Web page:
Lodgepole pine is the main species attacked by the beetle, and it forms about one quarter of the forest inventory in this area. Temperature conditions required to kill the beetle over the winter have not been reached (-30 degrees C or colder for 2 to 3 weeks). The West Kootenays are fortunate to have a diverse mixture of tree species (often called a 'Kootenay mix') because no single pest could wipe out the entire forest area. There are other areas of BC that have up to 90% pine forests.

Conditions this year are expected to be suitable for the pine beetle to infect the remainder of available pine in the West Kootenay area.

What does this mean?

The pine beetle will eventually move on in search of new, live pine forests in other areas. We'll be left with the challenge of dealing with the dead pine. Where it's mixed in with other live tree species, you might not notice a change. Areas that have closer to pure pine stands (and don't get harvested) will be a source of fuel for wildfire, or possibly create soil erosion and water quality issues, since the forest cover isn't there anymore to intercept and take up rainfall.

For one, it will be interesting to see what happens in the mountains above the city of Nelson. All the red areas you could see up there last year will be turning grey this summer, the final stage of tree mortality from beetle kill.

Forestry woes in China

Canada isn't the only country in the world suffering from problems in the forest industry.

The past winter's storms in China that you probably saw on tv have cost their forestry sector 57.3 billion yuan ($8.01 billion) in losses.

The worst winter in five decades in some areas damaged 20.86 million hectares of forests, one tenth of the total, setting back efforts to meet a national 20-percent forest coverage target by 2020, according to the administration.

Link to article:

Monday, February 18, 2008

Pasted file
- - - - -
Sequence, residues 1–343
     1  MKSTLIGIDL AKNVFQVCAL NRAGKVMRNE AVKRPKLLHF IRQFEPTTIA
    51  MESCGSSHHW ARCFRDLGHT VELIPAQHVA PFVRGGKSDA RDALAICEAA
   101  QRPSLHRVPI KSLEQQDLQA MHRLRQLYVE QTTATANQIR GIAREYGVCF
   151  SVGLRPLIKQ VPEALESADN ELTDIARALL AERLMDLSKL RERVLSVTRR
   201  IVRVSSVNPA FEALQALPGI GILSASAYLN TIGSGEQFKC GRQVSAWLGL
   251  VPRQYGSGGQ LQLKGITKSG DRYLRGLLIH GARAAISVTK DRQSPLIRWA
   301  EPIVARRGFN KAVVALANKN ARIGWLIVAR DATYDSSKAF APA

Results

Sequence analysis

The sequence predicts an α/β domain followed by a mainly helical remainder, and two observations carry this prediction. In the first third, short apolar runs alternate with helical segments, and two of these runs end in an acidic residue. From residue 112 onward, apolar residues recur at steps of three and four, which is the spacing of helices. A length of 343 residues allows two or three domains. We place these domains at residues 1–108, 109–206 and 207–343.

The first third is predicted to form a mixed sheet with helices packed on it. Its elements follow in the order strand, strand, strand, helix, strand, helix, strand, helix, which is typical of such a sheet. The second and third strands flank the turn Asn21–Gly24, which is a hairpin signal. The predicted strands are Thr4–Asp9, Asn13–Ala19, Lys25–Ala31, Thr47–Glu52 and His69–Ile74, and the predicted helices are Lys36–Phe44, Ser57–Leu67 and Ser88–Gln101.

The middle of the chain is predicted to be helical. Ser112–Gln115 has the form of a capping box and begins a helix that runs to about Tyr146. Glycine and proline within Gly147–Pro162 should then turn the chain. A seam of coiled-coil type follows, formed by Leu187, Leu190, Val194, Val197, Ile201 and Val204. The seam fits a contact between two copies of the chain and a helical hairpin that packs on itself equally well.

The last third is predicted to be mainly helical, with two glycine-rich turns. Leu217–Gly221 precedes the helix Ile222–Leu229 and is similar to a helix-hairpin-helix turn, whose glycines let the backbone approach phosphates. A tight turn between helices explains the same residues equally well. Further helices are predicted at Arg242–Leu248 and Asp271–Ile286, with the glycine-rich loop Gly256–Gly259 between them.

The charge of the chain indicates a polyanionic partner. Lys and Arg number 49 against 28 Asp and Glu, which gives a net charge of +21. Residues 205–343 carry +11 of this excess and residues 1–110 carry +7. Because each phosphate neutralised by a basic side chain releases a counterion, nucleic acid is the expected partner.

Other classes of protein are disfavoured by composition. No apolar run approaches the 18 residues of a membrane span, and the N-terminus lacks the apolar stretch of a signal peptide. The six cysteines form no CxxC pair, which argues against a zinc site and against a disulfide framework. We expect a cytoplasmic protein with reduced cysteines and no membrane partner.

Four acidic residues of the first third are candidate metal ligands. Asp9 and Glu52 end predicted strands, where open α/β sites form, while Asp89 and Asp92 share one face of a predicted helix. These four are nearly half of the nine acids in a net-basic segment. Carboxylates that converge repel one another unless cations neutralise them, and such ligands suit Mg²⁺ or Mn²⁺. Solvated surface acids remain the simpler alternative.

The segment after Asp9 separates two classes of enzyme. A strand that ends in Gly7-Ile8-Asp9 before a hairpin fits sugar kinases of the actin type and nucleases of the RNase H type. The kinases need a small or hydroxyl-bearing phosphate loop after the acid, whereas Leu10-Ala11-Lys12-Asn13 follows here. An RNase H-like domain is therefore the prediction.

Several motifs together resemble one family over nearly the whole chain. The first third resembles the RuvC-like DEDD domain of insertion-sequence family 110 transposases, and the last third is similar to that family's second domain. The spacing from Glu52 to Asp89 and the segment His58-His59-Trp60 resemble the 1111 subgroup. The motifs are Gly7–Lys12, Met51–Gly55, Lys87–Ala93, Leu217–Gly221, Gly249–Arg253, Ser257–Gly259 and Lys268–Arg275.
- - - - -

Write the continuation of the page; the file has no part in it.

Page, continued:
Mining exploration in Ontario forests

Article in the Feb 13 Toronto Star - Mining threatens northern forests, activists say

The price for many metals has been going up for a few years, which has increased exploration in Canada for mineral properties. Now, some groups are concerned about the impact of this exploration on forests.

The inside joke in forestry has always been that if you are a forest company, you are held to very high standards in regards to your impact on the environment, and that all logged areas must be reforested. But with mining, you can build roads and explore and not be held to the same standards. I don't know how true this is, but that is the thought out there.

From what I've read, environmental groups seem to be focusing less on forest companies these days, and more on oil and metals exploration and production. In a way this makes sense. If you were in one of these groups, would you chase the company who cuts down a forest and makes sure it's stocked with trees again through planting and natural regeneration, or the company that digs a big hole in the ground?

Highlights of the article include:

The group ForestEthics said it's concerned that the opening in a few weeks of the province's first diamond mine, De Beers Canada's Victor mine, will open the floodgates to overdevelopment in the north and threaten the environment.

An average of almost 400 mining claims have been staked in each of the last four months in the northern boreal forest, and Gillian McEachern of ForestEthics said she's concerned it's just the start of a growing trend of prospectors running rampant in search of precious metals and minerals.

Michael Gravelle, the minister of northern development and mines, said so many claims are being staked across the province because the mineral sector is currently booming. He said it represents a great opportunity for the province, but added the government is ensuring environmental and community interests are addressed. Gravelle said the claim-staking process has a very small effect on the environment and only grants companies temporary use of Crown land.

Link to article: